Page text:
An increasing number of businesses are being investigated over their payroll tax liabilities, a tax accountant has claimed, with many firms forgetting to register as their business grows.
“When total wages reach the threshold in any states or territories where they have employees, businesses must register for payroll tax, but it’s something that many businesses, who are focussed on maintaining their growth, forget to do,” said Peter Bembrick of HLB Mann Judd.
“However, just like the Australian Tax Office, the various State Revenue Offices are increasingly using data-matching from a variety of sources to test compliance with the rules.
“As a result, we are seeing an increase in payroll tax investigations, which can be very time-consuming and expensive for businesses to sort out.”
Mr Bembrick noted that because payroll taxes are state-based, the tax rates and payroll thresholds at which they apply vary dramatically.
He said that for the current financial year, payroll tax rates and thresholds look like this (ordered by the size of the tax rate):
- ACT: Rate of 6.85 per cent on an annual wage threshold of $2 million
- Tasmania: Rate of 6.1 per cent on an annual wage threshold of $1.25 million
- WA: Rate of 5.5 per cent on an annual wage threshold of $850,000
- NT: Rate of 5.5 per cent on an annual wage threshold of $1.5 million
- NSW: Rate of 5.45 per cent on an annual wage threshold of $750,000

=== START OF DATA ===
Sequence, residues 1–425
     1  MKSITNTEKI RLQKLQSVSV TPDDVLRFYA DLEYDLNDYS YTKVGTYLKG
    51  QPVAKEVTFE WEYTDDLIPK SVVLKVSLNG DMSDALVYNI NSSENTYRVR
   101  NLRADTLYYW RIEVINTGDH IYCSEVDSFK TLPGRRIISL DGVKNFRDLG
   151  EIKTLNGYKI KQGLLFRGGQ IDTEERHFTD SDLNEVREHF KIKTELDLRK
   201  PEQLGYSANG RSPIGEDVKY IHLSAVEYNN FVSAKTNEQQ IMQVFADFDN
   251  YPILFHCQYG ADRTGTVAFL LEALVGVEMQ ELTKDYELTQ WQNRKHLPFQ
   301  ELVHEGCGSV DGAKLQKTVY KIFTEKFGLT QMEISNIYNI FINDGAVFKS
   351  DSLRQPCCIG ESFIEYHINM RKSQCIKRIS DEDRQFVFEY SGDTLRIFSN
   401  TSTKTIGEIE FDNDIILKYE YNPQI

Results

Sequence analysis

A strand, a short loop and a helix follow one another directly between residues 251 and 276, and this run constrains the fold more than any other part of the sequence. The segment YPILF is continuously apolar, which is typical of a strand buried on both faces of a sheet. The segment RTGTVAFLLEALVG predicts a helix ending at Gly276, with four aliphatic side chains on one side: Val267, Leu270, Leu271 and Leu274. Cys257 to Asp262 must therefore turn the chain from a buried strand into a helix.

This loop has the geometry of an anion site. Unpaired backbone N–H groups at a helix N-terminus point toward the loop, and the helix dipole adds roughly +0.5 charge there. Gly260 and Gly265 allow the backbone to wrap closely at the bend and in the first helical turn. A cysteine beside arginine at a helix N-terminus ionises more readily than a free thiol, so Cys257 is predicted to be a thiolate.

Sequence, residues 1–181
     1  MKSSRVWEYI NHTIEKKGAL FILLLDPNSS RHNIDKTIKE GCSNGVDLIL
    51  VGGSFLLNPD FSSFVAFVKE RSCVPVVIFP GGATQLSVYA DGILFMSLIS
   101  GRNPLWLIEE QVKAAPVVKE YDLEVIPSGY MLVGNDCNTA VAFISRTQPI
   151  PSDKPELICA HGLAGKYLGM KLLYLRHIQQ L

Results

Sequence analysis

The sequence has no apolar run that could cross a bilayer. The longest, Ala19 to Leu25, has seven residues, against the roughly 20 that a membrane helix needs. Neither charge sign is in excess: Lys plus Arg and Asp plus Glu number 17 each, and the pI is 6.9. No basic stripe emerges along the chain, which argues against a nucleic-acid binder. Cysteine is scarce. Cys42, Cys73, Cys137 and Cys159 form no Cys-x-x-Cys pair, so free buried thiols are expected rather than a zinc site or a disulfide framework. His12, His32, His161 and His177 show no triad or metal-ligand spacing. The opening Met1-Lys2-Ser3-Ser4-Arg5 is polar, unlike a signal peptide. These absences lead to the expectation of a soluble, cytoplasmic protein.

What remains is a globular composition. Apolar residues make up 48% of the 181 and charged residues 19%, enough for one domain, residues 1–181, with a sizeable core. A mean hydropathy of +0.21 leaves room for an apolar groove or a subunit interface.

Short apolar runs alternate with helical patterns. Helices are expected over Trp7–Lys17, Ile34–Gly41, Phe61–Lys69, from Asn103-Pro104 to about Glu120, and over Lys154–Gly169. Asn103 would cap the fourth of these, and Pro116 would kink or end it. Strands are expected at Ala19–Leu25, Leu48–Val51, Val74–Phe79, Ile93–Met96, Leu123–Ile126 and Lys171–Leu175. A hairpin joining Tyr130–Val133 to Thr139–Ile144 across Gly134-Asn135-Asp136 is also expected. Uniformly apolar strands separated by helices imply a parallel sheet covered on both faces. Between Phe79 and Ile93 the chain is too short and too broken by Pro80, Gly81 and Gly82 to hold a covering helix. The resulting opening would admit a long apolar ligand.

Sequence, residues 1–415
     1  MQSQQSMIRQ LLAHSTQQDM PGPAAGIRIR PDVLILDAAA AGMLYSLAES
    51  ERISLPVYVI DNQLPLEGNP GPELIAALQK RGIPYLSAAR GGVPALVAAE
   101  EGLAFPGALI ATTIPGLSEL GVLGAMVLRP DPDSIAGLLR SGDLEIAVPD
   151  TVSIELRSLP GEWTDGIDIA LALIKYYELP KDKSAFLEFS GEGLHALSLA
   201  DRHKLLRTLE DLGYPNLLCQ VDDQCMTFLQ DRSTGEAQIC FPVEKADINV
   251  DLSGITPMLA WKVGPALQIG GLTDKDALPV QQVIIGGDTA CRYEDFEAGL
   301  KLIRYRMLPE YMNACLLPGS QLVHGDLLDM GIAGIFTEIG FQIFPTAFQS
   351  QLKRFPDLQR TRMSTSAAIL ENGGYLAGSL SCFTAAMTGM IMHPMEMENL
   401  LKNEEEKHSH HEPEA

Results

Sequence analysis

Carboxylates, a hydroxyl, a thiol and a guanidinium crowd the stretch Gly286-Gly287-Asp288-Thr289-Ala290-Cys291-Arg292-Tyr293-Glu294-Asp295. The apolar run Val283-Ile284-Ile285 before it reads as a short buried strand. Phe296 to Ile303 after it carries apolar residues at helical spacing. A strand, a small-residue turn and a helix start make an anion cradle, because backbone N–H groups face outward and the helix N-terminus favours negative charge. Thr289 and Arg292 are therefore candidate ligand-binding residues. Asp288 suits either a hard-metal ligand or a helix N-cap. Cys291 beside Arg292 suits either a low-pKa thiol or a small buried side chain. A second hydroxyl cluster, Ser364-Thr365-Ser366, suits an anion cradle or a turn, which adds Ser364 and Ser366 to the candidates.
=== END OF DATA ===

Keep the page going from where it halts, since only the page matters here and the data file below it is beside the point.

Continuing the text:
- Queensland: Rate of 4.75 per cent on an annual wage threshold of $1.1 million
- Victoria: Rate of either 3.65 or 4.85 per cent on an annual wage threshold of $625,000
- SA: Rate varies between 2.5 per cent to 4.95 per cent on an annual wage threshold of $600,000
However, he noted the “good news” for employers in NSW with the increase in the payroll tax threshold announced as part of this year’s state budget.
Another source of confusion is where employers are registered for payroll tax in one state, but have workers based in other states.
“These businesses must then report their ‘taxable Australian wages’ in each state, applying the relevant tax-free threshold and then apportioning the excess over the threshold to each state,” Mr Bembrick said, noting that the method used to do this calculation also varies for each state and territory.
“Therefore, they need to register and start paying tax on wages relating to the second state, and in addition will face a higher payroll tax bill in their ‘home’ state.”
In a recent online poll on the My Business website, a quarter (24.6 per cent) of readers surveyed ranked payroll tax as their most cumbersome tax to deal with in business.
Adam Zuchetti is the editor of My Business, and has steered the publication’s editorial direction since early 2016.
ATO’s 37% tax on Christmas festivities
By George Morice
Performance anxiety not just a bedroom thing
By Dr Louise Mahler
Accommodating older workers ‘not hard, just different’
By Kim Seeling Smith